When you cash in savings bonds to pay for qualified education expenses, you can exclude, or deduct, the interest from your gross income when you file your taxes. All series EE and I savings bonds sold after 1989 qualify for the education exclusion. You must meet certain criteria, however. And as you might expect, there’s also a form to fill out.
You can write off interest earned only for savings bonds you purchase beginning the month you reach your 24th birthday. The bonds have to be registered to you or to you and your spouse. Your child cannot be a co-owner, although she can be named as beneficiary on the bonds. You can claim this tax break when you use bond proceeds to pay college expenses for your children or grandchildren as long as you claim them as dependents on your tax return. You may also pay for your own or your spouse’s higher education costs. Qualified education expenses must be incurred in the same year you redeem the savings bonds.
Restrictions on Education Exclusion
You must use bond proceeds to pay for attending a postsecondary institution that meets federal standards for receiving federal student aid. Qualified expenses include tuition, fees and expenses required to complete required course work. Room, board and books are not counted as qualified costs. The Internal Revenue Service applies annual income limits. For example, if you filed as single in 2014, eligibility to claim the education exclusion started to phase out if your modified adjusted gross income reached $76,000 and dropped to zero if your MAGI topped $91,000. For a couple filing a joint return, the limits were $113,950 and $143,950, respectively.
Figuring the Exclusion
To claim the education exclusion, you must use the principal amount you invested to buy a savings bond, as well as the interest, to pay education expenses. For example, if you cash in a bond for $5,000, of which $2,000 is interest, you must use the entire $5,000 for college tuition or other qualified costs. You get to deduct the $2,000 interest. If you don’t use all of the proceeds of the bond or bonds you redeem, the amount of interest you deduct is prorated. Suppose you only use 80 percent, or $4,000 of the $5,000 bond proceeds, to pay for college. Only 80 percent of the $2,000 in interest, or $1,600, can be excluded. The remaining $400 is taxable income.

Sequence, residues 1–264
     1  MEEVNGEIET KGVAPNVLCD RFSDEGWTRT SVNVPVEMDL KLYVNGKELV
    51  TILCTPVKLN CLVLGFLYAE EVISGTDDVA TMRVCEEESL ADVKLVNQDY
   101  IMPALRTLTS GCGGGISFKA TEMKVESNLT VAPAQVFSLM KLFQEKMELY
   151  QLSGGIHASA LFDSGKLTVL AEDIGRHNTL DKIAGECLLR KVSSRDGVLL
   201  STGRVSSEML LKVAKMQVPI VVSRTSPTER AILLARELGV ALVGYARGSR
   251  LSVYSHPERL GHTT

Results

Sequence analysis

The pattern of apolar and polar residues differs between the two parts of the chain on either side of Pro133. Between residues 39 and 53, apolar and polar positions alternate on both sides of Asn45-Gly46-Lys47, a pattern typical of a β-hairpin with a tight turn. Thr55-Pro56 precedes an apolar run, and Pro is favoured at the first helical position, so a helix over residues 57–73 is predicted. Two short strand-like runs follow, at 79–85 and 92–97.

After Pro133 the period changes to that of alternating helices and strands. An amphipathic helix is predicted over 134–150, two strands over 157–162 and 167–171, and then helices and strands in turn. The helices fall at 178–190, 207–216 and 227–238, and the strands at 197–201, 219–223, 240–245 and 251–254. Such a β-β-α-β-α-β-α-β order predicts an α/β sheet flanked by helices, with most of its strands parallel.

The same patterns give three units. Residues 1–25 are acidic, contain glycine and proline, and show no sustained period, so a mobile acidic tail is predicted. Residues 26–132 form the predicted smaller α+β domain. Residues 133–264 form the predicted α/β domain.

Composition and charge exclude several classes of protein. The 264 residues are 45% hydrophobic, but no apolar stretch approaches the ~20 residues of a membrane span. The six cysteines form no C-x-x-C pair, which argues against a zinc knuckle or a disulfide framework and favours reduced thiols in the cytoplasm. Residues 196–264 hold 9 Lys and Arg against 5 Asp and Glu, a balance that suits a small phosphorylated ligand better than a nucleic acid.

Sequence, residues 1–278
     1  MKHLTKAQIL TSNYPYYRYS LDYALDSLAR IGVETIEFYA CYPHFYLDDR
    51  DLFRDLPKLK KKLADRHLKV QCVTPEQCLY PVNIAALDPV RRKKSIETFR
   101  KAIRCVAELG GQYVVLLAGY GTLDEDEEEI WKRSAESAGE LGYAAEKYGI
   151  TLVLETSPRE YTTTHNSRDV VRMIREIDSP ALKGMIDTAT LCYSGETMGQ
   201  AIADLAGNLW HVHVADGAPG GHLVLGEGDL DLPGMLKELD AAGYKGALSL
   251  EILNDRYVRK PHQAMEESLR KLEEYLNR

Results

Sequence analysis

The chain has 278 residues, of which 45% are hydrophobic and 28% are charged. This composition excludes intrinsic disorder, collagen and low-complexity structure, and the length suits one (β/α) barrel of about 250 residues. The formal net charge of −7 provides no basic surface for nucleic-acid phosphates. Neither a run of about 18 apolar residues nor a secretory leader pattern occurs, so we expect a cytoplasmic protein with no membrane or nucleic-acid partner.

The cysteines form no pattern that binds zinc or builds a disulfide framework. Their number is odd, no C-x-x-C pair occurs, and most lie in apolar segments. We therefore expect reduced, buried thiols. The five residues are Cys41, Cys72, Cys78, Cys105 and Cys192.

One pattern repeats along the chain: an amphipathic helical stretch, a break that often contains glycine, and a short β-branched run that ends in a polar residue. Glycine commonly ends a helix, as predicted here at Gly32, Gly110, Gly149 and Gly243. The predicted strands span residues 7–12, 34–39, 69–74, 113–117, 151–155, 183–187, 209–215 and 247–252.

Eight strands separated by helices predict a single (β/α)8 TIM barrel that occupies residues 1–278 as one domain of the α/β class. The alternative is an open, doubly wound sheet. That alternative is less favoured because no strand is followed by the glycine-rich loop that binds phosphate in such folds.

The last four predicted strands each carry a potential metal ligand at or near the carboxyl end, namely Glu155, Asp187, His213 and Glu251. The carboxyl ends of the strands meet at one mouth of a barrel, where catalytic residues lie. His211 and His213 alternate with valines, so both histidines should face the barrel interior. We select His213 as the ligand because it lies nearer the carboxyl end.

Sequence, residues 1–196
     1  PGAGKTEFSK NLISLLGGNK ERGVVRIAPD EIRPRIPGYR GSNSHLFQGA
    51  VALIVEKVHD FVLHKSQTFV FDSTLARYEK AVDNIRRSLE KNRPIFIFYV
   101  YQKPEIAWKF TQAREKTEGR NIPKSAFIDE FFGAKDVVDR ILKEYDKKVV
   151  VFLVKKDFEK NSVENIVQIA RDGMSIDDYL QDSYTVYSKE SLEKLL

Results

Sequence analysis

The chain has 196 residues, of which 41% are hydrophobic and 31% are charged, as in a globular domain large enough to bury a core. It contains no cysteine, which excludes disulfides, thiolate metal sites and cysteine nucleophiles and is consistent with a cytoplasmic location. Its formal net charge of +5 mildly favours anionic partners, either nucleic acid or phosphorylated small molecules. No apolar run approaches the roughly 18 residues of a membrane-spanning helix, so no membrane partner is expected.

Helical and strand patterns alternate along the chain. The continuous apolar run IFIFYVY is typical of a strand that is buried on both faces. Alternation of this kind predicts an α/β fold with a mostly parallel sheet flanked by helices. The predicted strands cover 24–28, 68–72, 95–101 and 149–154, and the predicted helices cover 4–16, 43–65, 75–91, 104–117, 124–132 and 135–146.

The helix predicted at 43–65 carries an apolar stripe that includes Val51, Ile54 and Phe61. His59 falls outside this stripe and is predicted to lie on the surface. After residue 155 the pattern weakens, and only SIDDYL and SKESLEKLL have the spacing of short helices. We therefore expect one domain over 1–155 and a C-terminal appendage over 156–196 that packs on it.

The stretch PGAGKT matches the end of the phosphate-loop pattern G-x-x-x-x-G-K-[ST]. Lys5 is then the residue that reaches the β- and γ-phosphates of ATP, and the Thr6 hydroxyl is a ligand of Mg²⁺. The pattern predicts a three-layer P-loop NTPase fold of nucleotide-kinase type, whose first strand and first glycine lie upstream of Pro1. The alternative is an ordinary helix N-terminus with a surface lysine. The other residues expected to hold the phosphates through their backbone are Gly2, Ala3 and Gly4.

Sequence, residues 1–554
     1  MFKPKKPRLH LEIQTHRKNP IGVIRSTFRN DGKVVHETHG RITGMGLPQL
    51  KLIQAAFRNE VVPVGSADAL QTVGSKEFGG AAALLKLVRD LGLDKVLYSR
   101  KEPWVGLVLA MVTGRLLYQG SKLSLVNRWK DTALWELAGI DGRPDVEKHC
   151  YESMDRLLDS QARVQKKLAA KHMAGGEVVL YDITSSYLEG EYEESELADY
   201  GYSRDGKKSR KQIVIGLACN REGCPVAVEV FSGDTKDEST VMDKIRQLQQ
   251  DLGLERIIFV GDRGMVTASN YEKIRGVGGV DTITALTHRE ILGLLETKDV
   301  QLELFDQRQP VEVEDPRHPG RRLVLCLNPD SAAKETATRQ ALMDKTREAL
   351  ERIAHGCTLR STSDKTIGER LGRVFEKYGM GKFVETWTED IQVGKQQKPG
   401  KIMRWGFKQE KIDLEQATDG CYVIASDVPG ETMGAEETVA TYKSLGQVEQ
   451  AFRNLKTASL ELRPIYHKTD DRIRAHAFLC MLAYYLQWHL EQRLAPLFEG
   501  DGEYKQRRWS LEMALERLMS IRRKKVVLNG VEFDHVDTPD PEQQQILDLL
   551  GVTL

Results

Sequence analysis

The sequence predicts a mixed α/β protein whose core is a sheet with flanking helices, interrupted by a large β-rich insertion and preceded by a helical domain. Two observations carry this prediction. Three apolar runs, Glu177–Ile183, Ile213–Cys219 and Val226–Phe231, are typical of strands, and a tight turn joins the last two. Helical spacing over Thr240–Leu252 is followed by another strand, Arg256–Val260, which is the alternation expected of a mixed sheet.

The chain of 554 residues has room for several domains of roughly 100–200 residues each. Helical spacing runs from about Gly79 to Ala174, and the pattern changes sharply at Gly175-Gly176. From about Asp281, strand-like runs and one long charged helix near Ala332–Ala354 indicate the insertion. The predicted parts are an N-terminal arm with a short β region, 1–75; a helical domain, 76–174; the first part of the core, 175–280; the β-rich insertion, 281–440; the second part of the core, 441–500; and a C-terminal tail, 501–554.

Claiming the Education Tax Break
Redeeming a savings bond to pay for higher education is a straightforward process. If the bonds are in electronic form, log on to your Treasury Direct account and follow the prompts to cash in the bond. To redeem paper bonds, take them to a bank, credit union or other financial institution. You will need to present a valid ID such as a driver’s license or passport. To take advantage of the education exclusion, you must use form 1040 or 1040A to file your tax return. Fill out IRS Form 8815 to compute the amount of your education exclusion and attach the completed form to your tax return.
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